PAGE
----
Single OPRM1 Gene Variant Tied to Risk of Opioid Use Disorder

By Marilynn Larkin

June 12, 2020

NEW YORK (Reuters Health) - A single variant in the OPRM1 gene, the main target for opioid drugs, was significantly associated with opioid use disorder (OUD) in a genome-wide association study.

"These findings don't have immediate clinical relevance," Dr. Joel Gelernter of the Veterans Affairs Connecticut Healthcare System in West Haven told Reuters Health by email. "We identified only one significant risk locus. This reflects the limited power of the study compared to others where more loci have been identified - for example, our problematic alcohol use genome-wide association study (GWAS) that came out in Nature Neuroscience identified 29 risk loci.( We need more OUD subjects to study!"

"That said," he noted, "this is the first GWAS study of OUD that was large enough to permit us to perform substantial post-GWAS analyses: to look at the SNP heritability of OUD; to look at genetic correlations with other genetic traits; etc. In so doing, we showed that if we can put together a decent-sized sample to study, we can start to account for the genetic basis of OUD in (we think) a believable way."

Future studies will incorporate our results by meta-analysis to obtain better power and map more risk genes," he added.

The team's GWAS of electronic health record-defined OUD included close to 115,000 individuals (mean age, 60; 88% men) from two large U.S. databases: 10,544 OUD cases among European-American individuals, plus 72,163 opioid-exposed controls; and 5,212 African-American cases and 26,876 controls.

As reported in JAMA Psychiatry, among the European-American individuals, a functional coding variant (rs1799971, encoding Asn40Asp) in OPRM1 - the mu-opioid receptor gene, the main biological target for opioid drugs (OMIM 600018) - reached genome-wide significance.

The finding was replicated in two independent samples, and the mean single-nucleotide polymorphism (SNP)-based heritability of OUD was 11.3%.

Further, OUD was genetically correlated with 83 traits, including multiple substance use traits, psychiatric illnesses, cognitive performance, risk-taking behavior, insomnia, and others.

Mendelian randomization analysis revealed multiple associations with OUD: risk of tobacco smoking, depression, neuroticism, worry neuroticism subcluster, and cognitive performance.

By contrast, no genome-wide significant association was detected for African-American individuals or in transpopulation meta-analysis.

The authors state, "Recruitment of additional individuals with OUD for future studies - especially those of non-European ancestry - is a crucial next step in identifying additional significant risk loci."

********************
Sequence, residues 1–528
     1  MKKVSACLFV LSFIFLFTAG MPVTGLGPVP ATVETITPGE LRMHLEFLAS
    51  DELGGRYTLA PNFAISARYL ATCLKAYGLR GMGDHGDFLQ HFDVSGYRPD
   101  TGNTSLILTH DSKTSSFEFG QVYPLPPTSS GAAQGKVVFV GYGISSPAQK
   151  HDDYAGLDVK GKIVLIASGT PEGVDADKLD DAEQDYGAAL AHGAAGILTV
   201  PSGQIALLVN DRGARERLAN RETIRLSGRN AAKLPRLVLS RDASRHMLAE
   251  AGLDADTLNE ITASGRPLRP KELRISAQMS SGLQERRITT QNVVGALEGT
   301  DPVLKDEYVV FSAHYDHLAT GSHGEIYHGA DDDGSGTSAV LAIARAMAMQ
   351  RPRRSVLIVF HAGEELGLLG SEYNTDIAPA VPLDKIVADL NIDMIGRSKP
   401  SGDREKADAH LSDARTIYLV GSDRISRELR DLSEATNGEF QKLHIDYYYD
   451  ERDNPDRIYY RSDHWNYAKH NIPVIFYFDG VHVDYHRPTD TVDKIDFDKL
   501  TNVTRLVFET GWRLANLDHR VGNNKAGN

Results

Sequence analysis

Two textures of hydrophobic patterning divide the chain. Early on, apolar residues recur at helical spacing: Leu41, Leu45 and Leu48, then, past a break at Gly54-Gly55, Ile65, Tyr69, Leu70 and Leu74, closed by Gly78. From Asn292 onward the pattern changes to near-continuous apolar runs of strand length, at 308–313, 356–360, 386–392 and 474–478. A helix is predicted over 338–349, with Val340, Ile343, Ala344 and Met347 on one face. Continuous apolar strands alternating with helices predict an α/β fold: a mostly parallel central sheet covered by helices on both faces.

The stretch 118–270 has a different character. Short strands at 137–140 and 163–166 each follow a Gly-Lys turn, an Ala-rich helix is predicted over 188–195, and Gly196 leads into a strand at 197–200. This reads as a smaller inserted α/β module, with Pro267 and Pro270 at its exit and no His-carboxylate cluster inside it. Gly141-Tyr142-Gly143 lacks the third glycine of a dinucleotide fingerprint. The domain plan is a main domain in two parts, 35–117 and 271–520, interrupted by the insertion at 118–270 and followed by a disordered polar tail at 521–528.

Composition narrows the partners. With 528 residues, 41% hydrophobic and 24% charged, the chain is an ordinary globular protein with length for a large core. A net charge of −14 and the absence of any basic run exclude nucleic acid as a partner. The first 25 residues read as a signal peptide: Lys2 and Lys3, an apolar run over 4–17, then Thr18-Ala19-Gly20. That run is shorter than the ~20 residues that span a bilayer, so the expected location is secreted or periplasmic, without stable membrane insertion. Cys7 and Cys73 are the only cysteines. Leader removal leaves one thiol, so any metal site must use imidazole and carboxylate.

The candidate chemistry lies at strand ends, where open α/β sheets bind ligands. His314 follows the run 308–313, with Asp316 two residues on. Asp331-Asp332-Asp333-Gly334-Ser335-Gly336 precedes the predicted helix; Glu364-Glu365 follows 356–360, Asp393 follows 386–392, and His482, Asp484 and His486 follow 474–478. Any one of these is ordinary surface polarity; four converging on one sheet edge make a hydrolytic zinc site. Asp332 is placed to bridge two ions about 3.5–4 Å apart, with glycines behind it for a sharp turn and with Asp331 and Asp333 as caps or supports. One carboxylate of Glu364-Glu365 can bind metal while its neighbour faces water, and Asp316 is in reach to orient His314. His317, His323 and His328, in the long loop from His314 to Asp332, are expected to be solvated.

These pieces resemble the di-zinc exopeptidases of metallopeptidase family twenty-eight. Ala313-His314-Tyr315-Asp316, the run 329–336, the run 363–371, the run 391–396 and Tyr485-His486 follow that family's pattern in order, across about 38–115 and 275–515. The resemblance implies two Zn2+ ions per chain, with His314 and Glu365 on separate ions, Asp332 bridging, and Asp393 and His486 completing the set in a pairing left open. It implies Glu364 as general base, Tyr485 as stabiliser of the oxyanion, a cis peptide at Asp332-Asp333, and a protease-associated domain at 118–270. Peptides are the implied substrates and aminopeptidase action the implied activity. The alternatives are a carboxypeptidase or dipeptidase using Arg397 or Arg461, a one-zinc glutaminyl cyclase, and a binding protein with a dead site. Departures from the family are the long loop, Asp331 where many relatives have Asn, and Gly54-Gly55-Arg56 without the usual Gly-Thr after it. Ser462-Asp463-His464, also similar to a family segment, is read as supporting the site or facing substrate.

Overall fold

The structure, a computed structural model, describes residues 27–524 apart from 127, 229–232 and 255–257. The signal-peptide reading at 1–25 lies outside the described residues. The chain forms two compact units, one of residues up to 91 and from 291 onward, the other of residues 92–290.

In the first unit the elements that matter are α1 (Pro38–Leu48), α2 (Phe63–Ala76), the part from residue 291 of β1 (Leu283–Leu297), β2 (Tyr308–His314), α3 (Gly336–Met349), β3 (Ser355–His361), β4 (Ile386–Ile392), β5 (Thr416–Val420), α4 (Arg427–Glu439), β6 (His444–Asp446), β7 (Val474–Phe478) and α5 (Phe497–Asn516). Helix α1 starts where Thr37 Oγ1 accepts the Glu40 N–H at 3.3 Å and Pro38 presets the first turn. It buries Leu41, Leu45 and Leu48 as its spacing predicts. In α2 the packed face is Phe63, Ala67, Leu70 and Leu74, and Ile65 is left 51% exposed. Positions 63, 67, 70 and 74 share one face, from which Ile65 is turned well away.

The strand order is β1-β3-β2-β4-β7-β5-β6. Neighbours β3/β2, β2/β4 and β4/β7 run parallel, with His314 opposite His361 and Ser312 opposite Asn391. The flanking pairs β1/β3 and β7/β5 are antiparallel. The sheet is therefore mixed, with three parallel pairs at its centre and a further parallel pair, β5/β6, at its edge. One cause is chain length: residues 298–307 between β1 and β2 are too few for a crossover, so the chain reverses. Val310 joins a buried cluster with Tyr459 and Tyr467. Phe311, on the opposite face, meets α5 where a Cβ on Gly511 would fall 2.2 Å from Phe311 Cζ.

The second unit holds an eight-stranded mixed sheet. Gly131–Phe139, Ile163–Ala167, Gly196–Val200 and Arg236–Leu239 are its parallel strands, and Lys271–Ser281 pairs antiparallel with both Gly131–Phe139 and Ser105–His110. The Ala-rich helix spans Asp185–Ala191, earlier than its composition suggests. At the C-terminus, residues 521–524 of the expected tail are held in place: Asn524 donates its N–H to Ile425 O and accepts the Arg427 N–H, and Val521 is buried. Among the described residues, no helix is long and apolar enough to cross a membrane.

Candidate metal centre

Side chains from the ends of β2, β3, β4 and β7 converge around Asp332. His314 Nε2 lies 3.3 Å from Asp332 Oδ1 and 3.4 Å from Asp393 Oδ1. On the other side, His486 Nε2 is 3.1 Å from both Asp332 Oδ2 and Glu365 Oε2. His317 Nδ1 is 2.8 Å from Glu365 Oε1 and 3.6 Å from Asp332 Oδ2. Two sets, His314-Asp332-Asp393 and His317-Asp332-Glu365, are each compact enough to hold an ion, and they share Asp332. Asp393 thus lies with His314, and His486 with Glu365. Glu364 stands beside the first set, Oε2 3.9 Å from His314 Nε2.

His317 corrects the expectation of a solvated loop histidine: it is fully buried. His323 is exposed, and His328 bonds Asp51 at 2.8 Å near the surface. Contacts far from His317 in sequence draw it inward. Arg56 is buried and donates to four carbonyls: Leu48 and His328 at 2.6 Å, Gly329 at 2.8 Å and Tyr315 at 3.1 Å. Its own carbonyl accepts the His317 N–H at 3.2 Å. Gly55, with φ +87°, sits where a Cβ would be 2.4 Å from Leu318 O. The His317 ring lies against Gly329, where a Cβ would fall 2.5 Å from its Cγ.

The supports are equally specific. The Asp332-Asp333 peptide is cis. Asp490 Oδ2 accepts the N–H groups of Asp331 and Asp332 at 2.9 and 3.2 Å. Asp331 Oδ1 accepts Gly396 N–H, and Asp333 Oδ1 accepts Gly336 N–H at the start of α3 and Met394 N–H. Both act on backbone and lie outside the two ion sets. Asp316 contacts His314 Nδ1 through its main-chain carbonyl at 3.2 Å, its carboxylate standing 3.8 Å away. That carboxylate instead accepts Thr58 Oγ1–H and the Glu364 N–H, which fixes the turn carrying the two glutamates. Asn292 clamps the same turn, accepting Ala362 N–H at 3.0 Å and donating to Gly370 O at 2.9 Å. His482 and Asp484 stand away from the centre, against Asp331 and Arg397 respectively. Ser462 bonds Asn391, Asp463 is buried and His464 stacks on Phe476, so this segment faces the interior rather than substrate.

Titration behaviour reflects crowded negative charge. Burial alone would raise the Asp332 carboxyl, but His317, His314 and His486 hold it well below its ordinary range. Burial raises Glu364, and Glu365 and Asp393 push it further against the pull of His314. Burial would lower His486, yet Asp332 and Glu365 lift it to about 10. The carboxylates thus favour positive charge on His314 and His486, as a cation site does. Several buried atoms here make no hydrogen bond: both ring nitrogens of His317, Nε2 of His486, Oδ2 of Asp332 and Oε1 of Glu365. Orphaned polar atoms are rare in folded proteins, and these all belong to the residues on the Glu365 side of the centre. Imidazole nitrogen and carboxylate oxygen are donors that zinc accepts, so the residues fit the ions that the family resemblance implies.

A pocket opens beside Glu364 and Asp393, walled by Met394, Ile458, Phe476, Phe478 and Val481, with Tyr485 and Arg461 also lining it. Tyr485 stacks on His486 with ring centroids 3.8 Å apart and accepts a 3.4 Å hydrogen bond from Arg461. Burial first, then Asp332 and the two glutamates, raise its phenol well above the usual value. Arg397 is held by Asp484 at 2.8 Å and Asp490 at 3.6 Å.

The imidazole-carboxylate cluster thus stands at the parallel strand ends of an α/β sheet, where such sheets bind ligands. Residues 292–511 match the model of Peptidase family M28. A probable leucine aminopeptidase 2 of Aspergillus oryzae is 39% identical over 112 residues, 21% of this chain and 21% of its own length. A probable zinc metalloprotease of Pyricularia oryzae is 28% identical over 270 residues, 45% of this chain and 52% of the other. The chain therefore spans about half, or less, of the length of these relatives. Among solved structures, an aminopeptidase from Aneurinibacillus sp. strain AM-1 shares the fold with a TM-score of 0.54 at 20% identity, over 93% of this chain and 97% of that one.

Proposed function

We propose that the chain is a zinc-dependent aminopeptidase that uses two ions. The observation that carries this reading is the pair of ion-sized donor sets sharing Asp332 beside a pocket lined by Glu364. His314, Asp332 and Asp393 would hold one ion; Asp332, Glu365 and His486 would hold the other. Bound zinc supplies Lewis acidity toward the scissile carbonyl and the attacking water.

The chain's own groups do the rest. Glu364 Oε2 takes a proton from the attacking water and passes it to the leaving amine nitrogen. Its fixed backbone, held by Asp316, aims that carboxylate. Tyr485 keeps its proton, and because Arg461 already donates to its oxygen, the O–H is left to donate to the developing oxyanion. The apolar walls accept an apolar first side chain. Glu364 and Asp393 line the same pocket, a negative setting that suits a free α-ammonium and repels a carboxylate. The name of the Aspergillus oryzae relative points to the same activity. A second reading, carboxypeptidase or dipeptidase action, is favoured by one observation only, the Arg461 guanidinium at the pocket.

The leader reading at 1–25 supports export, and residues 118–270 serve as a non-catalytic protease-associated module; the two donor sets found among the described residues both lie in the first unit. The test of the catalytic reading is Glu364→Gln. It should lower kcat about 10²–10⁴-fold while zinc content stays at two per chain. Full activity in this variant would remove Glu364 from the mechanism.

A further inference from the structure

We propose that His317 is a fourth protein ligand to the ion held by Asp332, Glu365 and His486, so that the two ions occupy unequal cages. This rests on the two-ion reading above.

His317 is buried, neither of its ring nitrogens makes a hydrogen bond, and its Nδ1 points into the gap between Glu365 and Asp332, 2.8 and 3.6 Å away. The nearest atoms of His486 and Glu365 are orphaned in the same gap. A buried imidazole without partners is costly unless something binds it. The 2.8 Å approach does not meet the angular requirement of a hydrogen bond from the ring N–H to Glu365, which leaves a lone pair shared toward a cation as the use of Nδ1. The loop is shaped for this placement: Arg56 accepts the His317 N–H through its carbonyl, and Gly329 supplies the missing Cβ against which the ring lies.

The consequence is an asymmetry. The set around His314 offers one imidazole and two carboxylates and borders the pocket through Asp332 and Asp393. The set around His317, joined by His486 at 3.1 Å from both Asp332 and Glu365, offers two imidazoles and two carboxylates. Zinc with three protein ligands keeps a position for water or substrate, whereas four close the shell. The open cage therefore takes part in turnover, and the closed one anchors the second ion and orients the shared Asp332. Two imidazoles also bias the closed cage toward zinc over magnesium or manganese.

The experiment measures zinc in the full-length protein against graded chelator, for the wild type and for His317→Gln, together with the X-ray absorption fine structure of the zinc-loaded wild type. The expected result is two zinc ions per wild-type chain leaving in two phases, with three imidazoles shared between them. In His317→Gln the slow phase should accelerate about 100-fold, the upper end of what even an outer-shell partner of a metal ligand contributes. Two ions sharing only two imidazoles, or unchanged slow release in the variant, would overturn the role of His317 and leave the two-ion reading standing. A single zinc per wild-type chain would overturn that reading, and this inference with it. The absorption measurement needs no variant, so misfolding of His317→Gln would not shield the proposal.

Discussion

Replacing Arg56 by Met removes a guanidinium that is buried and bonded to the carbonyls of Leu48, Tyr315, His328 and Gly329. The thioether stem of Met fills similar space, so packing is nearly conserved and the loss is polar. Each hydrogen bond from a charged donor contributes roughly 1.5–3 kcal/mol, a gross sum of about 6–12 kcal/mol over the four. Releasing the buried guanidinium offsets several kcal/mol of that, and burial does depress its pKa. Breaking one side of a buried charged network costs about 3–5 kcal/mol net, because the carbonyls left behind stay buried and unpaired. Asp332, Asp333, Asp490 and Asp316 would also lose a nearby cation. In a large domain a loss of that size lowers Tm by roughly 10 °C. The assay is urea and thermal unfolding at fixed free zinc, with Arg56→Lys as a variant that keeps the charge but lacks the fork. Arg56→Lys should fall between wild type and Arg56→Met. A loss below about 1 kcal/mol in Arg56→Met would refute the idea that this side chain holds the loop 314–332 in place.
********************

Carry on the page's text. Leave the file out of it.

Joe Olechowski, genetics research and development supervisor at Addiction Labs of American Addiction Centers in Brentwood, Tennessee, commented in an email to Reuters Health, "Along with the correlation between OPRM1 and OUD, the study also indicates several traits that are genetically associated with OUD. This is important because the more we understand about the link between certain traits and the genes that influence them, the better we will be able to understand the genetic mechanisms behind OUD."

"This OPRM1 variant is a single piece to a much larger puzzle," he noted. "As more studies like this continue to reveal additional genetic variants that are associated with OUD, genetic tests can become a powerful tool not only for treatment, but possibly even prevention."

Dr. Patrice Malone, Assistant Professor of Psychiatry at Columbia University Irving Medical Center, also commented by email, "Prevention could be a key benefit of identifying associated SNPs for offspring, for instance, of an individual with severe substance use disorder(s). In that setting, the ability to provide psychoeducation and perhaps guard against the development of illness is critical information."

"Moreover, as there is significant stigma associated with substance use disorders, a better understanding of the biological etiology may aid in shifting the community perception from moral failure to medical illness," she said.

Like Olechowski, she noted that the OPRM1 variant also correlated with comorbid psychiatric traits. "Of course, it is not clear if the substance use disorder(s) developed first or the other psychiatric illnesses."

"A few limitations, which the authors mention and hold true, are the undiagnosed status of the control sample, smaller sample size as compared to studies conducted on substances that are legal and the need to improve on sample sizes for non-European Americans," Dr. Malone concluded.

SOURCE: JAMA Psychiatry, online June 3, 2020.